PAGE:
Speakers from a diverse range of backgrounds, including a football chairman, a poet and a Venezuelan immigrant, will join our Chief Constable at a special event to mark Hate Crime Awareness Week today (Tuesday 5 February).
The Chief Constable Andy Cooke QPM will address an audience of more than 250 people from communities across Merseyside at the event at the Church of Our Lady and St Nicholas Church, in Liverpool city centre to celebrate tolerance and inclusivity in Merseyside.
He will speak alongside Mark Palios, Executive Chairman of Tranmere Rovers; local poet Levi Tafari; Sasha Taylor, a trans female from Venezuela; Dave Kelly, Managing Director of Daisy UK and the Rector of Liverpool Rev Dr Crispin Pailing.
The event - chaired by BBC Radio Merseyside presenter Roger Phillips - will highlight how communities in Merseyside are working side by side to combat hate crime and will be attended by representatives from faith groups, support organisations, the Mini Police, local schoolchildren, housing associations and police officers.
There will also be a play, ‘Unite Against Hate’, performed by the People’s Players from the Royal Court and written by Paula Currie.
Later the same day the first ever Hate Crime Reporting Centre based at an NHS Trust will be launched at Whiston Hospital.
The Hate Crime Reporting Scheme, at St Helens and Knowsley Teaching Hospitals NHS Trust, is a confidential reporting service enabling staff, patients, and other visitors to the Trust to contact the Merseyside Police hate crime co-ordinator. They can then discuss in complete confidence any incidents or concerns around hate crime, or discrimination involving race, religion, disability, sexual orientation or gender identity.
The service will provide confidential advice and options on resolving any concerns or incidents that take place occurring either in the Trust or within our local communities.
All week there will be events and initiatives launched to help combat hate crime, with officers visiting schools and community groups, and partner agencies running workshops and awareness sessions.
Merseyside Police is calling on victims and witnesses of hate crimes to come forward with any information that could help bring perpetrators to justice.
T/DCI Paul Lamb said: "Merseyside is a very welcoming place, and the vast majority of people show a great deal of understanding and tolerance towards people who are different to them.
“But we know hate crime has been a vastly under-reported crime for a long time now. If people are being targeted because they are perceived to be different then we want them to come forward and tell us, rather than suffer in silence.
"The more action we can take against perpetrators, the more confidence we can instil in victims that if they report things to the police we will protect, support them and make it stop.
"Victims can report directly to the police where specially-trained hate crime officers will treat them with sensitivity and compassion, or via third party reporting centres such as the new op nein Whiston hospital, at fire stations, citizen advice bureaus and elsewhere where the information will be passed on.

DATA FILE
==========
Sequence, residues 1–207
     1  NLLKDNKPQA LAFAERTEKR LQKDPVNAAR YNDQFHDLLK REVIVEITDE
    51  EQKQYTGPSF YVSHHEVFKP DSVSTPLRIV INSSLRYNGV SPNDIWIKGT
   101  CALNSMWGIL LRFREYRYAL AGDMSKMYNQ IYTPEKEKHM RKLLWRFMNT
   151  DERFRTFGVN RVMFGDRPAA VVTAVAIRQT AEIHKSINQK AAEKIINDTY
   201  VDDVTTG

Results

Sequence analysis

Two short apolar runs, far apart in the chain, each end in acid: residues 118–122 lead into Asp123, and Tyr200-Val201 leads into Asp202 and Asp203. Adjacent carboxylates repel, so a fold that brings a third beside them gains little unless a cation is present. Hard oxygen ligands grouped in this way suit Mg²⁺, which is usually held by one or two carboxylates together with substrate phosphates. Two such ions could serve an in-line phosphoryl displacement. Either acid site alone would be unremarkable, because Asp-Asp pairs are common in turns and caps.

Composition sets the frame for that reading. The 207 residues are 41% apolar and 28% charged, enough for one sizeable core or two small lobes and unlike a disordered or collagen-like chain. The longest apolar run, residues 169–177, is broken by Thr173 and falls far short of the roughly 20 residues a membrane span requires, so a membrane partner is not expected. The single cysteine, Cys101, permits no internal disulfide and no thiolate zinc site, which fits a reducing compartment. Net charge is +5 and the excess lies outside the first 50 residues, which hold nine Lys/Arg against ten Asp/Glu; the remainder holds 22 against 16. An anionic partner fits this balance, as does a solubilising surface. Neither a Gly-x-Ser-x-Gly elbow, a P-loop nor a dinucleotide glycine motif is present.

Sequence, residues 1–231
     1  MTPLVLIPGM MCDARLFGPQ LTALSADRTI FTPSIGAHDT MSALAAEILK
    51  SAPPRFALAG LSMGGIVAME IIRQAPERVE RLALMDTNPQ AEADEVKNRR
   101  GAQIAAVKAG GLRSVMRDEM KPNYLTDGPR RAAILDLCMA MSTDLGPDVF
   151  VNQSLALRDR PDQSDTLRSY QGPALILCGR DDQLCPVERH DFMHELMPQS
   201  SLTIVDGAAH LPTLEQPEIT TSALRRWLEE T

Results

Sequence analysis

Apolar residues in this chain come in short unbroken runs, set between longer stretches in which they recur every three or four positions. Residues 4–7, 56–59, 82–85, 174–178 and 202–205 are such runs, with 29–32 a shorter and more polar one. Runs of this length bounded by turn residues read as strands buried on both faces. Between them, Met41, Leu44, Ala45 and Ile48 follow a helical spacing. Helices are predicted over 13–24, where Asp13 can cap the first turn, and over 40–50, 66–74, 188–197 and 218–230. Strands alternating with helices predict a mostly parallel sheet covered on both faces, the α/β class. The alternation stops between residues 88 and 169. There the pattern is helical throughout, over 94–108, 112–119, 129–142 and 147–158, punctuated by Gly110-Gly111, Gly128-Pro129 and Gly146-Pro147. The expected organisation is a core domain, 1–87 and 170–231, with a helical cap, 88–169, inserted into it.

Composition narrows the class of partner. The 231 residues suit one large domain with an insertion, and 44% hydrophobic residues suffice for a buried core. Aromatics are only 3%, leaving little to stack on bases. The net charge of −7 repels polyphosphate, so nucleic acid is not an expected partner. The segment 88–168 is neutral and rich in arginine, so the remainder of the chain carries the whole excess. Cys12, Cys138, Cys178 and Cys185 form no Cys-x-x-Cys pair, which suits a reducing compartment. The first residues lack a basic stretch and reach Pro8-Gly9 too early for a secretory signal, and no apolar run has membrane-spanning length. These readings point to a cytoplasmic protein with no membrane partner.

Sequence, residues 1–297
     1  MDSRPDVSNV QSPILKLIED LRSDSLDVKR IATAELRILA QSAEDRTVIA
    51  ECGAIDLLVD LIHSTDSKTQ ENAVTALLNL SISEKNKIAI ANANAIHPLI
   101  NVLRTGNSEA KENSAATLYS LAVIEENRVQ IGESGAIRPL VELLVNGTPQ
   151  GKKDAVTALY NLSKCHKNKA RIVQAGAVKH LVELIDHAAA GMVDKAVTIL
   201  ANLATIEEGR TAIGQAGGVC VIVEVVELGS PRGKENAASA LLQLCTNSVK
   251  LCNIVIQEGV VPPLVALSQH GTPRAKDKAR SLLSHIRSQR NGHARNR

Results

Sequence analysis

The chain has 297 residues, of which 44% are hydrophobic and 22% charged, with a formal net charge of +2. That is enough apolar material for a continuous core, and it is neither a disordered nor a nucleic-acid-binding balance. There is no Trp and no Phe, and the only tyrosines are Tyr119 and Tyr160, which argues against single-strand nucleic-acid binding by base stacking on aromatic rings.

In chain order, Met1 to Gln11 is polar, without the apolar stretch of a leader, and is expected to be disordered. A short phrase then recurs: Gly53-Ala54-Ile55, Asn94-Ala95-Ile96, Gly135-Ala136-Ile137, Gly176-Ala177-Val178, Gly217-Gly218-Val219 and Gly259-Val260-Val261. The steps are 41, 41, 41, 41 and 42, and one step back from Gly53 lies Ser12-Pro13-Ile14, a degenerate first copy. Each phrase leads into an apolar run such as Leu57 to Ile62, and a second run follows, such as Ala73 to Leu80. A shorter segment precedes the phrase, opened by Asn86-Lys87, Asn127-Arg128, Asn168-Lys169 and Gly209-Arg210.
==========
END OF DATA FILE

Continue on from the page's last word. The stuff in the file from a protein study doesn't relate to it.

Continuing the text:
"By continuing to encourage greater reporting we can protect and support more victims and make it clear to perpetrators that we will do everything we can to put them before the courts."
Chief Constable Andy Cooke QPM said: "Merseyside is rightly proud of being a diverse place to live, work and socialise and I am delighted that so many representatives from across the community can come together for this event. We hear so much about division in society at the moment, but it is an honour to lead our force in an area where people are generally tolerant of other people regardless of their race, sex, religion, sexual orientation or political persuasion.
"There is no place in our society for hate crime and Merseyside Police is committed to maintaining the right of all our communities to be treated with fairness, dignity and respect.
"It is vital that we give our support to anyone who believes they have been subjected to abuse or left in fear because of who they are and I want to reassure the public that the Force is committed to taking action against those responsible for hate crime and building trust with the most vulnerable members of our communities."
Jane Kennedy, Police and Crime Commissioner for Merseyside, said: "Merseyside’s Hate Crime Awareness Week is an important date in our calendar, which gives us all the opportunity to celebrate and promote the rich diversity of our region. It also gives us an opportunity to come together to reaffirm and renew our commitment to challenging and tackling acts of hatred carried out today.
“Our region is famed for its warm welcome. A welcome that extends to people from all races and faiths, to people of all sexual orientations and genders and to people of all abilities, whether they are visiting for work or leisure or whether they have chosen to call Merseyside home.
“At a time when our country and the world seems deeply divided, it is more essential than ever that we remain vigilant to combat discrimination, racism and prejudice in our communities.”
We urge anyone who has been subjected to hate to contact Merseyside Police. Or, if for any reason you don’t feel comfortable speaking to the police, ring independent charity Stop Hate UK on 0800 138 1625 who provide 24/7 help and support, or visit http://www.stophateuk.org/.
There are also more than 90 independent centres across the region where you can go to contact Stop Hate UK - anywhere displaying a ‘red hand’ logo is part of this important network standing up against hate.
If you've been affected by hate, Jane has also commissioned three independent charities to provide support. You can contact them directly: